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USU football: running back Devante Mays’ senior season has been injury riddled

Utah State running back Devante Mays carries the ball against the USC Trojans during a NCAA football game at Los Angeles Memorial Coliseum.
Utah State running back Devante Mays carries the ball against the USC Trojans during a NCAA football game at Los Angeles Memorial Coliseum.
Kirby Lee, USA TODAY Sports

Devante Mays couldn’t have asked for a better way to begin his senior season.

The 5-foot-11, 230-pound running back from Livingston, Texas, rushed for a career-high 208 yards and three touchdowns on 18 carries as Utah State cruised to a 45-6 victory over Weber State on Sept. 1, at Maverik Stadium.

“The offensive line did a good job making holes for the running backs,” Mays said. “I thought the running backs did a good job of running the ball and finding creases. Overall, we did a really good job as a team and got a great win.”

With his 208 yards rushing against Weber State, Mays went over the 1,000-yard plateau for his career at Utah State, becoming the 28th different Aggie to accomplish that feat.

“He ran behind his pads really well (against Weber State),” fourth-year head coach Matt Wells said. “He broke some big runs. It’s a reflection of what he did all summer and what I saw him do through August. He just played like he practiced.”

Mays’ performance against the in-state Wildcats even drew praise from the opposing side.

“Devante Mays was tougher than nails and he’s hard to tackle,” said third-year Weber State head coach Jay Hill. “We knew it and we did a poor job preparing for him. I did a poor job putting us in the right place to make plays and quite frankly, we did a poor job tackling.”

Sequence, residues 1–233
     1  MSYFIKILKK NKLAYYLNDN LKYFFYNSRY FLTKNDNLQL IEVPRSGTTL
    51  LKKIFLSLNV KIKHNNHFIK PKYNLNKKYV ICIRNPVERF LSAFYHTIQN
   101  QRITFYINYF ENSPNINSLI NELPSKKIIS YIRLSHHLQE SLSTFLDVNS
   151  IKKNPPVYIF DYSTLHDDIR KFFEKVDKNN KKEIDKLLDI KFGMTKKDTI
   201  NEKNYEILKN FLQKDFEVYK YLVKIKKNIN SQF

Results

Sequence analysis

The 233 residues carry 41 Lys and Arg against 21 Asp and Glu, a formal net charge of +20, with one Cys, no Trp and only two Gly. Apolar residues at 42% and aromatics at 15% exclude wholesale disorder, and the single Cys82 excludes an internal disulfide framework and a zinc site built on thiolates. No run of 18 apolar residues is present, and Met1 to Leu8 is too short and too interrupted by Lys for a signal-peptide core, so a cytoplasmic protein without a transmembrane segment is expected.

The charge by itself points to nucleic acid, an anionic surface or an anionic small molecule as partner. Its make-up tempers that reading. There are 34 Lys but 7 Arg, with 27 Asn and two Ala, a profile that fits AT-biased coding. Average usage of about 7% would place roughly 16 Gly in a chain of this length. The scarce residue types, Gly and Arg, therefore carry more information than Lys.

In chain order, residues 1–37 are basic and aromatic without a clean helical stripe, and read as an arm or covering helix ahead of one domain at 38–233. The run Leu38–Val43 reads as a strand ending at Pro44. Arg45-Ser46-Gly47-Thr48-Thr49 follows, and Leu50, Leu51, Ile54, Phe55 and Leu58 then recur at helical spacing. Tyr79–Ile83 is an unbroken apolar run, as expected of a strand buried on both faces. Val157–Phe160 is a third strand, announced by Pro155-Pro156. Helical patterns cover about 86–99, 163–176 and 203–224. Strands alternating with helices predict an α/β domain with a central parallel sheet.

His three touchdown runs against the Wildcats came on his first seven carries of the game and were from 18, 18 and a career-long 66 yards out, respectively. He gained 79 yards in each of the first two quarters and 50 yards in the third before enjoying the game from the sidelines in the fourth.

“Devante brings a lot to the table,” junior quarterback Kent Myers said. “His actions speak a lot as in clutch situations I know he knows his assignment by his preparation and I also know he will make a play for us. He means a lot to our offense, especially in the run game. He makes my job easier when we are able to run the ball well with explosives, and also with opening up the play action and deep passes.”

Unfortunately for Mays and the Aggies, the second week of the season didn’t have the same flavor. Not only did Utah State lose its first game of the season at Southern California, but the Aggies also lost Mays when he was injured in the third quarter against the Trojans.

Mays limped off the field after carrying the ball eight times for 24 yards. He did not play the following week against Arkansas State but returned for the Air Force game on Sept. 24.

The first time Mays touched the ball against the Falcons late in the first quarter, he picked up two yards. However, he did not get up. Utah State’s training staff eventually had to help him off the field while not putting any weight on his right leg.

“It’s hard for me, as a coach, to see any player go down with an injury,” Wells said. “I know the dedication and the time those kids have put in, in the offseason. It doesn’t matter who it is, my heart breaks for a kid when he gets injured.”

Mays has played sparingly since the Air Force game.

“He is a key member of the offense in order to get the running game going,” senior center Austin Stephens said. “Establishing a running game is one of the most important parts of the game.”

Myers added they've missed his presence on the field.